L.A. River Excursion: Bette Davis Picnic Area | KCET
L.A. River Excursion: Bette Davis Picnic Area
Last weekend while we slept in a bit longer and huddled on our couches under blankets with popcorn and movies, Los Angeles was receiving its last rainstorm before the end of the season. It wasn't the epic storm that some weather stations had forecasted, but enough to make the river swell, providing a much needed cleansing until next season.
The following day Los Angeles looked as though it went through the car wash. Large nimbus clouds hung over the city, and a deep blue sky hung behind like a movie backdrop --almost too blue to be true. The air was crisp and the temperature mild, a perfect day to head down to the river.
More sites along the L.A. River
The Bette Davis Picnic area at Riverside Drive and Victory Boulevard was active with bird watchers along the river's bank, hoping to to catch a glimpse of a Summer Tanager or Cassin's Vireo, both reported in Los Angeles Audubon Society's rare bird report.
While the water was still rough, the Swift Water Rescue Team took the opportunity to practice drills. Attaching ropes to safety hooks they repelled along the banks, in the event of someone falling into the river. Luckily no one had, as they reported, but the river was fierce, and many do fall in on days with storms like this.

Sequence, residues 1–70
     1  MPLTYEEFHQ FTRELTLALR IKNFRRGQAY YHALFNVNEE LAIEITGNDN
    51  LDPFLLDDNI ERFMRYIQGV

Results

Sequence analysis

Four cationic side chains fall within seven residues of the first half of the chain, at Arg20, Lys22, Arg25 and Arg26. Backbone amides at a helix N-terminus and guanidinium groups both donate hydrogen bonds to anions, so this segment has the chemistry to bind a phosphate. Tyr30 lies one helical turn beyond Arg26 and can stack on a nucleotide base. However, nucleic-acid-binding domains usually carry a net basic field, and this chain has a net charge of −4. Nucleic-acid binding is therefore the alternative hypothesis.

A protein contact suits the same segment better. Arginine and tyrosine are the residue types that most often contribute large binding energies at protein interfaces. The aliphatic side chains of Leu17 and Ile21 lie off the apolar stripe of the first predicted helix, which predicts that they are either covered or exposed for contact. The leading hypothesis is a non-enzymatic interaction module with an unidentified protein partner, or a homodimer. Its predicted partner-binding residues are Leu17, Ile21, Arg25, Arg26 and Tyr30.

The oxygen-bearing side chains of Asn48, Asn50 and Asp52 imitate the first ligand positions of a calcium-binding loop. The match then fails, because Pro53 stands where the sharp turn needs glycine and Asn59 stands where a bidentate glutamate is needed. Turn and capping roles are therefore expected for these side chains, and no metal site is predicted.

In the park itself, a group of childhood friends from Guatemala City played soccer golf, a game invented by one of the friends, Jorge Estrada, a former soccer pro. Each player takes a turn kicking their ball towards to the homemade goals, taking score as one would in golf. A par is set per "hole," counting the number of kicks to the goal.
So if all you expect to see when heading down to the river is a cement gutter, you will be greatly surprised. Whether it be a horse practicing dance on the cement banks, or fly fishers catching fish for game, the river has much to reveal, even to the seasoned river adventurer.
Remember Angelenos, this is your river: love it, use it, respect it, but most importantly, be safe.
Though Horace Tapscott died in 1999, his legacy of music and focus on community burn brighter than ever because of the rising popularity of contemporary jazz artists like Kamasi Washington.
While most people are sleeping in their cozy beds, there is a whole segment of society that is awake and keeping the city moving. In the big picture, how does night work affect the economy and society as a whole?
A Q&A will immediately follow the screening with filmmakers and stars Hannah Pearl Utt and Jen Tullock.
A historical gold boom has resulted in thousands of abandoned mines spread across the Mojave desert that have grave environmental repercussions.
- 1 of 197
- next ›